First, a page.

Entrepreneur Andrew Yang
Yang began his career working over the years in startups and early-growth companies as a founder or executive. In 2009, Yang founded Venture for America, a program that caught the attention of then-President Barack Obama, who selected him as a "Champion of Change" in 2012 and in 2015 as a "Presidential Ambassador for Global Entrepreneurship."
Yang announced his candidacy for the Democratic nomination in November 2017, with his campaign focusing on what he called a "Freedom Dividend," a form of Universal Basic Income for every American over the age of 18. The Freedom Dividend is something Yang believes will be needed to combat the rapid rise of artificial intelligence and automation that threatens to put people out of work over the next several decades.
During his opening remarks at the debate in Houston, Yang offered a “proof-of-concept” for one of his central campaign promises, a Universal Basic Income, by giving ten families $1,000 per month.
California Senator Kamala Harris
The former prosecutor turned California Senator has been representing California as its junior Senator after she replaced retiring Senator Barbara Boxer in 2016. Harris, who was born in Oakland, California, worked her way up in the San Francisco's District Attorney's Office in the 90s. In 2004, Harris ran for District Attorney of San Francisco, handily winning the seat. She later asked to serve as Gov. Jerry Brown's Attorney General in 2011, where she worked until being elected Senator.
Harris, widely considered a top contender for the job, declared her candidacy for the Democratic nomination for President on January 21, tying the record for most money raised in the first 24-hours after her announcement. Harris has a range of progressive policy positions including supporting single-payer healthcare, protection for illegal immigrants, and lowering the tax burden on the working and middle class while raising taxes on corporations and the wealthiest 1%.
New Jersey Senator Cory Booker
The junior senator from New Jersey was first elected to the senate in 2014 after serving as the 28th Mayor of Newark for several years. Booker is best known for his progressive stances, giving him the third most liberal voting record in the chamber. As a social liberal, Booker has gone on record supporting women's rights, affirmative action, same-sex marriage and single-payer healthcare during his time in the Senate.
"There's nothing in that realm of progressive politics where you won't find me," Booker says of his political alignment.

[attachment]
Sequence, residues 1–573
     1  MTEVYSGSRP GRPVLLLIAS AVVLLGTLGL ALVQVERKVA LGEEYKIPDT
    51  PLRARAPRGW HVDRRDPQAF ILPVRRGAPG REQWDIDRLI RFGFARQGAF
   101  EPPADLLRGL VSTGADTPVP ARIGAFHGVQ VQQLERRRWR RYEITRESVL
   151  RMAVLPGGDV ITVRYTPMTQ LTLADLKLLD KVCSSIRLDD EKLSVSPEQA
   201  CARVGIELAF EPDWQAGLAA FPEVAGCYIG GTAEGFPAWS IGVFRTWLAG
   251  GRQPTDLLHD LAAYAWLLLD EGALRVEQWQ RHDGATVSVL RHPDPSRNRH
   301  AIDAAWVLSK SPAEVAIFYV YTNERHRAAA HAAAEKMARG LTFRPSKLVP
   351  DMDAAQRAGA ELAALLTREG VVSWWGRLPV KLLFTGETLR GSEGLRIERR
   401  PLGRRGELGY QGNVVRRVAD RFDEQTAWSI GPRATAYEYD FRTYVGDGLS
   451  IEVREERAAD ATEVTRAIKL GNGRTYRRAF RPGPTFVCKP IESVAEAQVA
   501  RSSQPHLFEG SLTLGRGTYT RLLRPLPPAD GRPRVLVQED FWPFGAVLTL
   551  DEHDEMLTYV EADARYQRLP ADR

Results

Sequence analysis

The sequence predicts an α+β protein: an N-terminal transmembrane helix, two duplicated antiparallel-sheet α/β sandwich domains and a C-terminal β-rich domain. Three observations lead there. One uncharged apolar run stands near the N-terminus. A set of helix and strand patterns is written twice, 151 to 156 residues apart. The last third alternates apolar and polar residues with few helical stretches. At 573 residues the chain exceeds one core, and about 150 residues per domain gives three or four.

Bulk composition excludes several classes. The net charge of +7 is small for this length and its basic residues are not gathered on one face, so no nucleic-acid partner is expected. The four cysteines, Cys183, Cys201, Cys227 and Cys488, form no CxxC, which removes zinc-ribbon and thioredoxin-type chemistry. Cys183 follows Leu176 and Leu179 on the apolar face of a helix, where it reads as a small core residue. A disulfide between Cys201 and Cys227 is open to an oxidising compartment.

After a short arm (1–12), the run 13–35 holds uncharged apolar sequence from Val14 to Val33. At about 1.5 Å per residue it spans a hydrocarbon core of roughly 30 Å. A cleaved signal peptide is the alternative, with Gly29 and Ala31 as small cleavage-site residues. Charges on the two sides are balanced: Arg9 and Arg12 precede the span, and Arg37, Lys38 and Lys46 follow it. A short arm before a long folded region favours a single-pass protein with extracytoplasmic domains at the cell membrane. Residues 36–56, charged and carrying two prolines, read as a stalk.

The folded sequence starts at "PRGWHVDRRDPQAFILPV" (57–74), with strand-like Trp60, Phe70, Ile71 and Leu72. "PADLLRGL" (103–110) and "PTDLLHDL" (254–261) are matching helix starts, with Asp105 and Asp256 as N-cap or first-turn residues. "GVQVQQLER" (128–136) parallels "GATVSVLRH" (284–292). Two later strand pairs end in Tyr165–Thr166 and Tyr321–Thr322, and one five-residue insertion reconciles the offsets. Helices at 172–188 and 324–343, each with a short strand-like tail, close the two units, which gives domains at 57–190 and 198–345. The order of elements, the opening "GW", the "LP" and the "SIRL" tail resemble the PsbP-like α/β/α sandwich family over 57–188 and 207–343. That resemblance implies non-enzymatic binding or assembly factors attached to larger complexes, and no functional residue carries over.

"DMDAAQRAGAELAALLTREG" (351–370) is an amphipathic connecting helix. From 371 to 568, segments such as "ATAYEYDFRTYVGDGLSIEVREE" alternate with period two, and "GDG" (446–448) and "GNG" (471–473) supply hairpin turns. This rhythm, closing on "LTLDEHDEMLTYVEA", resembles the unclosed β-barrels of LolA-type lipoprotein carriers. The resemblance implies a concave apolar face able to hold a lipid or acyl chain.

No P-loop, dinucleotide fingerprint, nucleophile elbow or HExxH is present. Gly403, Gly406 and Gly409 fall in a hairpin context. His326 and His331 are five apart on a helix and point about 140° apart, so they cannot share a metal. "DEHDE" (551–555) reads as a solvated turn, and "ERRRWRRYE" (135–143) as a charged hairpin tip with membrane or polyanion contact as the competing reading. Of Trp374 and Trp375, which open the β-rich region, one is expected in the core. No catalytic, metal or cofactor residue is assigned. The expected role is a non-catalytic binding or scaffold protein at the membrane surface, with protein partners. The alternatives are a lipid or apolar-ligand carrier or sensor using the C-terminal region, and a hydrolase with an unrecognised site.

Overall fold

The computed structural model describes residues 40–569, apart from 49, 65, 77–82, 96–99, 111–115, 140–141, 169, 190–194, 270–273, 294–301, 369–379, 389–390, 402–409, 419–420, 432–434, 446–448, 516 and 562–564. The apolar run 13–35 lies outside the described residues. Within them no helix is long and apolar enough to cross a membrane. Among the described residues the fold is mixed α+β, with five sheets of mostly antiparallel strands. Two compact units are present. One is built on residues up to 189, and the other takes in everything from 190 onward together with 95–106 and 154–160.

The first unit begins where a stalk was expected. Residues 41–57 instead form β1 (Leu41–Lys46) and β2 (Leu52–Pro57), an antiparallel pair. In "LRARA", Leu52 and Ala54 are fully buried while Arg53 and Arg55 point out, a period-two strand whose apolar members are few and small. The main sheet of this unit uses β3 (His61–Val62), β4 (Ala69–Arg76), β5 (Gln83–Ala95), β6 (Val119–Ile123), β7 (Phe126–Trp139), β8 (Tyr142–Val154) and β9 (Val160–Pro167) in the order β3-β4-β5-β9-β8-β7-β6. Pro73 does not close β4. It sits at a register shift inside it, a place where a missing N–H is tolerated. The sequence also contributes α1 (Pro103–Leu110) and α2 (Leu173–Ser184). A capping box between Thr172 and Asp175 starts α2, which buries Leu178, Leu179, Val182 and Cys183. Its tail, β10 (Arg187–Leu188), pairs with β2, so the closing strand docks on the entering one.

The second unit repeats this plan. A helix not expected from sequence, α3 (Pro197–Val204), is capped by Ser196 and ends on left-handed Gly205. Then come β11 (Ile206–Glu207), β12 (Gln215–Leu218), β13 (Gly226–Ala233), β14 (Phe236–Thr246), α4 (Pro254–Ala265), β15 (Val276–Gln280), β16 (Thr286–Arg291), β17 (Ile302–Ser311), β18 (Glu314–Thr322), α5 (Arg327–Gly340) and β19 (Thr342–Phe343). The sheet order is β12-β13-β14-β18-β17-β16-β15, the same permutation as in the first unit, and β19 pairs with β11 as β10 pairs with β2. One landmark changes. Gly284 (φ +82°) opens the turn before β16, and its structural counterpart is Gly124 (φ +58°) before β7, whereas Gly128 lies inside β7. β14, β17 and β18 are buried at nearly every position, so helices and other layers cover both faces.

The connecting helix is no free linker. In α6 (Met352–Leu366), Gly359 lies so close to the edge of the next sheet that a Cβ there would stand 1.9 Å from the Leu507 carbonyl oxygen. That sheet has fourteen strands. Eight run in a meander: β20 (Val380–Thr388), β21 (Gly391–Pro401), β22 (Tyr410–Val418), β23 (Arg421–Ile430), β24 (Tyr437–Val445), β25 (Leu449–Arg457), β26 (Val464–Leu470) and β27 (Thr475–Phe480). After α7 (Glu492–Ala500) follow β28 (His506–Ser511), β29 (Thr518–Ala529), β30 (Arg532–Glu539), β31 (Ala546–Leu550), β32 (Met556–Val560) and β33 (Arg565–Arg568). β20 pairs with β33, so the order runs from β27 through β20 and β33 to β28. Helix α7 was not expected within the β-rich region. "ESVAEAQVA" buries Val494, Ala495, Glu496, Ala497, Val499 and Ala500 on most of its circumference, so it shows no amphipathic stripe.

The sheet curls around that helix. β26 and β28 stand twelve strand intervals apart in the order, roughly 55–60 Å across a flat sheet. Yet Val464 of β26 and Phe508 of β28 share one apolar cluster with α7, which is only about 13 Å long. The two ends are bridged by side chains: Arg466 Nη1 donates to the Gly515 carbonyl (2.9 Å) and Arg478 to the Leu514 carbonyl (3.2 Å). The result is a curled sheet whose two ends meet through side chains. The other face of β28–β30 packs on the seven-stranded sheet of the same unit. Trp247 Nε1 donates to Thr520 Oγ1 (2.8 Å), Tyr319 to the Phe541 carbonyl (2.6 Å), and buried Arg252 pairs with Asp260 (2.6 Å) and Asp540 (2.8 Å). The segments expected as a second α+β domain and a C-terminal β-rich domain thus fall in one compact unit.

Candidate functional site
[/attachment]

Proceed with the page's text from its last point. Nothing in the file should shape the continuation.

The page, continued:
Booker announced his campaign on February 1st, with New Jersey Gov. Phil Murphy, Sen. Bob Menendez and every Democratic member of the House of Representatives in New Jersey endorsing his campaign.
Hawaiian Rep. Tulsi Gabbard
Hawaii Representative Tulsi Gabbard was first elected to the U.S. House of Representatives in 2013 after serving for several years as a field medic for the Hawaii National Guard in Iraq from 2004 to 2005. When she was elected to the Hawaii state House at age 21 in 2002, she was the youngest woman to be elected to a U.S. state legislature.
In February, Gabbard launched her campaign for the Democratic nomination saying that it was in the "spirit of service above self." She's best known for her opposition to American intervention in other countries overseas, such as Syria and Iran and supports abortion rights, Medicare-for-All and same-sex marriage.
Gabbard has announced she would not be seeking re-election for her congressional seat in Hawaii.
Minnesota Senator Amy Klobuchar
Senator Amy Klobuchar is the senior Senator representing Minnesota who won her seat in 2006, becoming the state's first elected female senator. Before that, Klobuchar worked as a partner at two Minneapolis law firms until she was elected county attorney for Hennepin County in 1998.
Klobuchar has been rated as one of the more moderate Democrats running for president. She is pro-choice on abortion, supports LGBTQ rights and Obamacare and was highly critical of the Iraq war. She's also one of the more prolific Senators in office, passing more legislation than any other senator by the end of the 114th Congress. According to Congress.gov, she's sponsored, or co-sponsored 111 pieces of legislation that's become law. During President Donald Trump's tenure in office, she's voted with him 31.1 percent of the time. Her signature issue is legislation to combat the opioid crisis and drug addiction as well as lower the cost of prescription drugs.
Klobuchar has struggled to connect with voters, joking in a recent appearance on Real Time with Bill Maher that she needed a 'viral moment'.
Billionaire Tom Steyer
Billionaire investor and businessman Tom Steyer launched his campaign earlier this year after initially saying he would not run for the 2020 nomination.
Steyer has publicly called for Trump’s impeachment, at one point running several TV commercials urging Democrats to get the process started. Steyer says he’s grown frustrated with the pace Democrats have taken in the impeachment process.
Steyer’s campaign is also focused on reducing the influence of corporations in politics and plans to make climate change a central issue of his campaign.